Although the strike has ended, he says fans are being unusually abusive and he doesn't understand their attitude.
"We're human beings," he has said. "And I don't think people have the right to act with players the way they've been acting. Right now, fans are acting like we owe them something. We don't owe anybody anything."
That wasn't very tactful of Guillen, with players and owners trying to win back the hearts and the attention of their customers.
But Guillen isn't entirely wrong. The players owe the fans nothing except, as he said, "an honest effort."
I suppose I'm a baseball fan, although I could live quite happily without seeing another game. When the players went on strike, I didn't share the weepy view that it was a tragic unraveling of the fabric of American life.
It was just a piece of commercial entertainment that wouldn't be available for a while. But so what? If there is anything we have no shortage of it is entertainment. Surrounded by multichannel TVs, CD-ROMs, movies, videos, home and car stereos, Walkmans and Nintendos, we are the most entertainment-saturated society in history. With the O.J. trial, we've even managed to turn murder into a form of mass entertainment.
So why should I or any other fan be angry at the players or the owners? The players withheld their labors and lost their paychecks, as any worker does when on strike. The owners lost considerable profits, as hard-nosed businessmen do while fighting a strike.
Now, the players are again available to entertain us, and we are free to take it or leave it, just as we can do with a movie, a TV show, a disc jockey, an opera, a slot machine or the nasal howls that pass for pop music.
When the movie "Godfather III" came out, many fans were disappointed that Robert Duvall hadn't returned for the role of Tom, Michael Corleone's shrewd stepbrother. Duvall had asked for more money than the studio would pay. But moviegoers didn't whine that Duvall was greedy and owed them an apology.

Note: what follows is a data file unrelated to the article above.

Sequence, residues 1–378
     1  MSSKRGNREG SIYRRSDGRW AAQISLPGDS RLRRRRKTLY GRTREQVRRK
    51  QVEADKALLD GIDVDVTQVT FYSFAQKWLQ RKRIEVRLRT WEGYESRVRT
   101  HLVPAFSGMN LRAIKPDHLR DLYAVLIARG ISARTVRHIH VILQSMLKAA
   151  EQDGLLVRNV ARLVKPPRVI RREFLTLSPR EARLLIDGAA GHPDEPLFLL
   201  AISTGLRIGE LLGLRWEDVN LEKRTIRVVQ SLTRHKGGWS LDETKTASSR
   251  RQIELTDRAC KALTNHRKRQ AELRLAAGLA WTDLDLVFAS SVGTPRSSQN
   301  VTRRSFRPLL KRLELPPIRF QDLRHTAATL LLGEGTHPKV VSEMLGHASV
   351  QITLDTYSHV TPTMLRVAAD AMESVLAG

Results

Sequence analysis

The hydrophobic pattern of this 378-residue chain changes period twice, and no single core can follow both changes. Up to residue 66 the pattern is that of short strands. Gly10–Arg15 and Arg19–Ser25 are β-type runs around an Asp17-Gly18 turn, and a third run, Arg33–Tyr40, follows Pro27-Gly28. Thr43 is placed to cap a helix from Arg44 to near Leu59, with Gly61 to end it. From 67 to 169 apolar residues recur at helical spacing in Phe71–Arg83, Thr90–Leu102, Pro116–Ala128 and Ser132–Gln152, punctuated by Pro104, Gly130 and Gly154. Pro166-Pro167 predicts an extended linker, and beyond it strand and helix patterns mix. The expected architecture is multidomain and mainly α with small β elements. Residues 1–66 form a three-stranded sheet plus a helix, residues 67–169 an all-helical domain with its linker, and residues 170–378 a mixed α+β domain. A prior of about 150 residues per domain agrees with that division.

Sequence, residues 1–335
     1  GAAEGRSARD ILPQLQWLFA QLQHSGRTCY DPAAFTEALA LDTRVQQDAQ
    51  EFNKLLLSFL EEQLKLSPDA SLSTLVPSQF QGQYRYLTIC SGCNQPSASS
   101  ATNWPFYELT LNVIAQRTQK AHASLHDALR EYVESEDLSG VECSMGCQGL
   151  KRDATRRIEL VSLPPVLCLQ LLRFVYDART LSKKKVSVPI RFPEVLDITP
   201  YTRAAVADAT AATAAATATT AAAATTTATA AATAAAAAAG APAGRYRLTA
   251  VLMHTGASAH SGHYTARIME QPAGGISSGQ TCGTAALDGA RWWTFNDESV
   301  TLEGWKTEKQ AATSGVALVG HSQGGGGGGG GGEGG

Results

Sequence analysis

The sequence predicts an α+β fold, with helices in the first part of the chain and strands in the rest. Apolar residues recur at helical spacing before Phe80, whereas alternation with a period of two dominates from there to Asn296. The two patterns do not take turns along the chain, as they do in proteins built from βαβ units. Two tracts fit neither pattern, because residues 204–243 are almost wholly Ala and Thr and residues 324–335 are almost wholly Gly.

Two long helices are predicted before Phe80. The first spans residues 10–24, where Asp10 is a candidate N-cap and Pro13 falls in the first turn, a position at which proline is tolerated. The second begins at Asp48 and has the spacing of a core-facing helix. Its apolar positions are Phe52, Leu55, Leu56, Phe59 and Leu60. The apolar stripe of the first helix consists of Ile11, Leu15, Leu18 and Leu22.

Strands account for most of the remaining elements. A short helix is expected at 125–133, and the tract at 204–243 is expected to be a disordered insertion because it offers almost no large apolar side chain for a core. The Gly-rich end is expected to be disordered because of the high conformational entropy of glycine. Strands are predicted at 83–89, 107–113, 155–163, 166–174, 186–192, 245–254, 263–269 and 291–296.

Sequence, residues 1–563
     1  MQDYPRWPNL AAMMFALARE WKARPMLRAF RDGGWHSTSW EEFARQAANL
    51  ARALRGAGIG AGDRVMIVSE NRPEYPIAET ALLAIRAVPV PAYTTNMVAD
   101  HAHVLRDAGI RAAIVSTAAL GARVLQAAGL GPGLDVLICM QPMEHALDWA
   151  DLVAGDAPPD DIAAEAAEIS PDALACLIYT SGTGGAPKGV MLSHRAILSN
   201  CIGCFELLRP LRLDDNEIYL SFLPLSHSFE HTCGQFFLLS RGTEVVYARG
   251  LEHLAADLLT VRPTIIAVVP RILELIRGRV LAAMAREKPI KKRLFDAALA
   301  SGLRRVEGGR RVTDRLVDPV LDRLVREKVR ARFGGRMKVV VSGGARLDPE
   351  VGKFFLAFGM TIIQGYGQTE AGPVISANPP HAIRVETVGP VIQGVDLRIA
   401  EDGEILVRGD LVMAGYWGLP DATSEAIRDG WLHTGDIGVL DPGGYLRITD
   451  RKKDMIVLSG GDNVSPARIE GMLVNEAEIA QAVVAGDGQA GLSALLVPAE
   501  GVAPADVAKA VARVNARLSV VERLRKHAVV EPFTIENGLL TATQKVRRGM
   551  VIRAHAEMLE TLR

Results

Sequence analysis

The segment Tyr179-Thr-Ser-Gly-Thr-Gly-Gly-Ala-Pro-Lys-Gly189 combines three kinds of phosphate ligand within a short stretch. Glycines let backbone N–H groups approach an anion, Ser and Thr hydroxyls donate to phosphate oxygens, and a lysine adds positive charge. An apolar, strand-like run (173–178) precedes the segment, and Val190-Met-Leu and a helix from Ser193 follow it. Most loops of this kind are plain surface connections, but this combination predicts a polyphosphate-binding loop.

So Guillen is right about what is owed. But he's wrong when he says that the fans don't have "the right" to act in an unfriendly manner.
Of course they have the right. The most precious right of any sports fan is the right to be obnoxious, abusive, nasty, disloyal, ungrateful and stupid.
Take away that right and there wouldn't be enough fans to pay for the grounds crew.
And the fans regularly exercise this right, whether they are dumping beer on an outfielder, running out on the field for 30 seconds of fame, bellowing obscenities at a hitter who is trying to cope with a 92-mile-an-hour fastball, or sharing their keen insights with a sports call-in show.
It is the right of every Joe from Cicero or Eddie on his car phone to call a sports show and say: "Hey, uh, you can take my word for it, that guy is over the hill, especially since the inside pitch hit 'em in the face and he was in that coma for a month, ya know, so why don't he just do us all a favor and get outta my face and retire?"
"Well, he's been a solid performer for many years and maybe this is just a slump while he's recovering from the near-death injury and the surprise of his wife divorcing him while he was in surgery."
"Nah, ya gotta play with the little hurts, like I always say, so I think he's had it, ya know, over the hill, lost the old whatyacall, can't come up with the big whatsis no more, so if he don't wanna retire and get outta my face like he should, why don't they just dump him, ya know, give 'em the old heave-ho, huh?"
"Well, he's been a loyal, dependable team player for all these years, so maybe they believe that they owe him a chance to work his way through his problems and resume his career and they don't want to just dump him."
"Yeah, well, then if he don't wanna do me a favor and retire and they don't want to dump him, how 'bout if he dies, huh?"
"Well, he's still a fairly young man, so maybe he's not ready to die."
"See, that's what I mean -- all these guys ever think about is themselves."
Guillen will just have to live with the jeers and remember that it could be worse. He could be playing in Philadelphia, where it is said that the fans would even boo a cure for cancer.
In Chicago, it would depend on whether the inventor of the cure was a White Sox or a Cubs fan.